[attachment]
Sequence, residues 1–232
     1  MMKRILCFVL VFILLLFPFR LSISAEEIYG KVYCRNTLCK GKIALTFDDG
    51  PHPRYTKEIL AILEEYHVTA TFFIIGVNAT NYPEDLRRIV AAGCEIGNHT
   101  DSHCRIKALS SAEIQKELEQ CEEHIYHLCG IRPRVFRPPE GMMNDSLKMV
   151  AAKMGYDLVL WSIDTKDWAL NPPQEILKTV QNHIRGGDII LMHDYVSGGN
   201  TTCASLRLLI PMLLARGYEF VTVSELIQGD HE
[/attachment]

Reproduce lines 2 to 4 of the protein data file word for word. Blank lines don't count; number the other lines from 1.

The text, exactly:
     1  MMKRILCFVL VFILLLFPFR LSISAEEIYG KVYCRNTLCK GKIALTFDDG
    51  PHPRYTKEIL AILEEYHVTA TFFIIGVNAT NYPEDLRRIV AAGCEIGNHT
   101  DSHCRIKALS SAEIQKELEQ CEEHIYHLCG IRPRVFRPPE GMMNDSLKMV